Preparing for a skills-driven future job market

Listed below are three ways to make yourself a more adaptable and skills-diverse employee.

1. Constantly learn

Learning is no longer something to be done as a child and young adult – to survive and thrive in the current work climate, with its constant evolution, you as an employee must keep up with the times, constantly bettering your knowledge on your subject. 

This means gaining new experiences in diverse roles, going on training courses (whether in person or online) and keeping up to date on the literature and latest developments to your respective field.

2. Broaden your knowledge

Specialists are perhaps going to become a thing of the past, or at least in the traditional sense. 

More and more companies are looking for employees with a holistic understanding of their industry, and a mindset that no problem (within reason of course) is beyond their capabilities. This allows for a more productive and creative workforce, as interdepartmental collaboration starts to flourish, and problems arising from miscommunication become less common.

3. Think outside the box

Your current skill set may be far more diversely applicable than you realise. The skills you pick up from any job or experience, which may at first seem quite niche, can be quite transferable.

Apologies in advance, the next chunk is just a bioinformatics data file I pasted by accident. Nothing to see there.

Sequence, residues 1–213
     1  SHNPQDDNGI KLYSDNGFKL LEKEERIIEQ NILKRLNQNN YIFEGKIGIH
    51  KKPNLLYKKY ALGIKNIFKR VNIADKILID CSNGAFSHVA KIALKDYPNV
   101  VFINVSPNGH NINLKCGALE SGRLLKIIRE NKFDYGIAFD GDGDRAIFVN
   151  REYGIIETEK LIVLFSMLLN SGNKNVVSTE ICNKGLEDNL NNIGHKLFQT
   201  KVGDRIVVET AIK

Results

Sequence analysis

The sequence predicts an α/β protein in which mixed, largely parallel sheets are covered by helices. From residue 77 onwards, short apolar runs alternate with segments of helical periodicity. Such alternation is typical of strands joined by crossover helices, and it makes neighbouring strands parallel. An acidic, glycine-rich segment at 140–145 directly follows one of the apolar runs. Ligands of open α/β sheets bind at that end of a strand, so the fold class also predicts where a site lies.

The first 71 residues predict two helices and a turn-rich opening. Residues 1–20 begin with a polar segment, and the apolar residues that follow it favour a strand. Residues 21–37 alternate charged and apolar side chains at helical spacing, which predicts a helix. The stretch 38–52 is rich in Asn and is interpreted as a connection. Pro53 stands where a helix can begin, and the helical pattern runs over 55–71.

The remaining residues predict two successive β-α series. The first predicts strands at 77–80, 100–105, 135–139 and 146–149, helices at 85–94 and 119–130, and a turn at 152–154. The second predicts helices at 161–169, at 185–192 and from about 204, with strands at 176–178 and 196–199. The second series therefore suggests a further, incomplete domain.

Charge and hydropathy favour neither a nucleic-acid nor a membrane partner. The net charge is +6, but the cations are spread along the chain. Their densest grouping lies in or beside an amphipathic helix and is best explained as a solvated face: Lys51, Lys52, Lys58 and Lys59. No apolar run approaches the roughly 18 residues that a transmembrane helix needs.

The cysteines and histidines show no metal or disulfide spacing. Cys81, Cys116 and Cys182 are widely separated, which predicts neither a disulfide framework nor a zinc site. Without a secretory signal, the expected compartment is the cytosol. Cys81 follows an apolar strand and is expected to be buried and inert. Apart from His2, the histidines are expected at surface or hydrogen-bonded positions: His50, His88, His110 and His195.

An example of this is accountants; while at first it may seem that their skill set is perfect for only one thing – managing the accounts of a company – in fact, accountants are ideal candidates to manage any kind of financial analysis. That means they could be perfectly suited to trading or a position in a hedge fund; the point is, your horizons may already be far broader than you realise, take a step back and think on what you already know, and what it could make you suitable for.

The move towards a skills-driven workforce is already taking place, and the challenges thrown up by the pandemic are rapidly accelerating that shift. 

Debates at the World Economic Forum in 2016 found that it is highly likely large swathes of the labour force will cease to be employable if dramatic changes to the educational environment are not carried out. 

Online education represents one of these changes. Employees also believe this insight to be true – a 2016 survey found a massive 87% of workers believed it was critical that they continued to train throughout their life in order to keep up with workplace changes.

Employers, as well as employees, need to adapt to the times. With more and more workers going freelance, if employers wish to maintain a steady workforce and avoid the expense and complications of constantly rehiring, they need to widen their recruitment pools and provide similar or better benefits to those available for freelance workers. 

These shifts are already happening, but to maintain a competitive advantage, both workers and employers must remain ahead of the curve or risk being left behind in an outdated era.

Photo by David Siglin on Unsplash